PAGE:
Committed to Continuous Improvement?
We’d all like to think that we’re committed to continuous improvement. Whether it’s at work or at home or in everyday life, we want to believe that we are doing things a bit better all of the time.
But is this the reality? How often do we, in fact, fall back on familiar habits and ways of doing things without really thinking about it? Do we, as a matter of routine, question what we are doing and how we are doing it? How can we when so much of what we do (well over 90%) every day is done sub consciously?
The drive for continuous improvement may not be as natural or as commonplace as we like to imagine. Aristotle wrote that, ‘we are what we repeatedly do.’
And in a more contemporary context STOPThink! Lead, Mick Reeves, reminds us that: ‘if you repeat a task twenty one times it becomes habit. If these are good habits fantastic, they will serve you well! However if they are bad habits, watch out you won’t even be aware of them! As habits are difficult to spot in yourself you are reliant on others bringing them to your attention! They are also very difficult to ‘break’ or change.
Improvement starts with yourself! To positively influence behaviour you have to first understand yourself, be prepared to challenge and to be challenged. By seeking to improve our understanding and our performance we put ourselves on an upwards track, striving to always get better at whatever we do.
Feedback and Continuous Improvement
The acid test when it comes to continuous improvement is how individuals and organisations give and receive feedback.
Useful customer feedback goes beyond the straightforward ‘did we deliver what we said we would,’ to more demanding questions about what we are like to work with as an organisation and as a team of people. The culture has to be one of openness where customers can be totally frank about what they liked, what they didn’t and what we could do better.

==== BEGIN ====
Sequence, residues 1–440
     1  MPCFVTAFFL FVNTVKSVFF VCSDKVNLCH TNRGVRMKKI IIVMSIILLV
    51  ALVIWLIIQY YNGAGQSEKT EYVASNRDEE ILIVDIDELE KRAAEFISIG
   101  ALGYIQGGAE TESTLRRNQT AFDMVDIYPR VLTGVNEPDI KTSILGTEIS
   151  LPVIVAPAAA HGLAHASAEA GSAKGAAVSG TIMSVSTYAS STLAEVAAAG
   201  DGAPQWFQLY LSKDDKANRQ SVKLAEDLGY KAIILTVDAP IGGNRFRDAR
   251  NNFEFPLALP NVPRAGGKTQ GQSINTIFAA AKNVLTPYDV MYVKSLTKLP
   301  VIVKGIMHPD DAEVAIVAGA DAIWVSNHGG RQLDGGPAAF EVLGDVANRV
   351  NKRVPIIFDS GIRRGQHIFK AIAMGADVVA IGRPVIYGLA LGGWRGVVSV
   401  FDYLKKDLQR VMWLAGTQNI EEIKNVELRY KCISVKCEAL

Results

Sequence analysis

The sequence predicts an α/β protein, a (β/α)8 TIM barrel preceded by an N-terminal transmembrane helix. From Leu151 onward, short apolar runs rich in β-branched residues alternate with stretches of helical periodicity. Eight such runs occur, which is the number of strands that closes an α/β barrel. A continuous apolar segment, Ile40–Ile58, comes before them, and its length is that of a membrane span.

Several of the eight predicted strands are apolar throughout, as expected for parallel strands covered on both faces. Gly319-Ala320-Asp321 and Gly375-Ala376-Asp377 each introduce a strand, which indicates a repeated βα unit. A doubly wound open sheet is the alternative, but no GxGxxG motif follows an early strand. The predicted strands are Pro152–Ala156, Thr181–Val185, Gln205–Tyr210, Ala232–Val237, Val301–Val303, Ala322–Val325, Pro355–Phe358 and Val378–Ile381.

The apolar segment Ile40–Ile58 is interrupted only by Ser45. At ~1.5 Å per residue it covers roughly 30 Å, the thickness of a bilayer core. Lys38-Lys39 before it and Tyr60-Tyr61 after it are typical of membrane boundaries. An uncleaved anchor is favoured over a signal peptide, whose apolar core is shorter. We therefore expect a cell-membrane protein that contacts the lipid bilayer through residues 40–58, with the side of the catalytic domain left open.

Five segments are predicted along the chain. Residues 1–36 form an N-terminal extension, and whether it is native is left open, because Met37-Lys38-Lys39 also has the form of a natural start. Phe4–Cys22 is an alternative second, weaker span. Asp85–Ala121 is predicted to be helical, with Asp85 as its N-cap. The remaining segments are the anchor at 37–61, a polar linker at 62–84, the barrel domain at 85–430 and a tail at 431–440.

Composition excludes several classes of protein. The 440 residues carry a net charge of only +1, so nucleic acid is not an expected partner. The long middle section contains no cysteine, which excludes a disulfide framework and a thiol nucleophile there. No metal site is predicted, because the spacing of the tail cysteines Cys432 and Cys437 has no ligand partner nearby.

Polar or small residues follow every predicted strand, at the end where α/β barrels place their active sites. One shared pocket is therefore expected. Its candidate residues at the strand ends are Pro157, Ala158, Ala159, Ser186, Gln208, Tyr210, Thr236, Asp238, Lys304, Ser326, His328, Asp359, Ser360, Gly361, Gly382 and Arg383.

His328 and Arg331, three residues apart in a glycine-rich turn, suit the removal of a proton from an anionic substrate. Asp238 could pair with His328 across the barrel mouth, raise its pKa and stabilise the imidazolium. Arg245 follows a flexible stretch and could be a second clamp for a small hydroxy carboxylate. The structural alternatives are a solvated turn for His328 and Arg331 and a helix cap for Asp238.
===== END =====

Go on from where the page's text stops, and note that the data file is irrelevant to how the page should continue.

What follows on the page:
Without this we are observing our world with one eye closed. It’s easy to convince ourselves that we are doing a good job but it’s how it looks to our customers that matters. Without asking that question in ways that encourage our customers to be completely frank we may well be sitting still while our competitors are moving ahead.
If we’re not seen to be committed to continuous improvement, why should a customer consider us for a re-bid or additional work?
Feedback is a two-way process. We have to be able to give it constructively and we have to seek it and welcome it. This is the philosophy that underpins our annual Performance Development Plans. Concerns or criticism can then be addressed, weaknesses can be turned into strengths.
Genuine well structured feedback – given or received in a timely way can be an extremely powerful aid to improvement – it requires openess, honesty, trust and sometimes courage. Without it we cannot learn from mistakes or improve our delivery next time. It can help steer us towards achieving exactly what our customers are seeking, making us a trusted, reliable and preferred partner.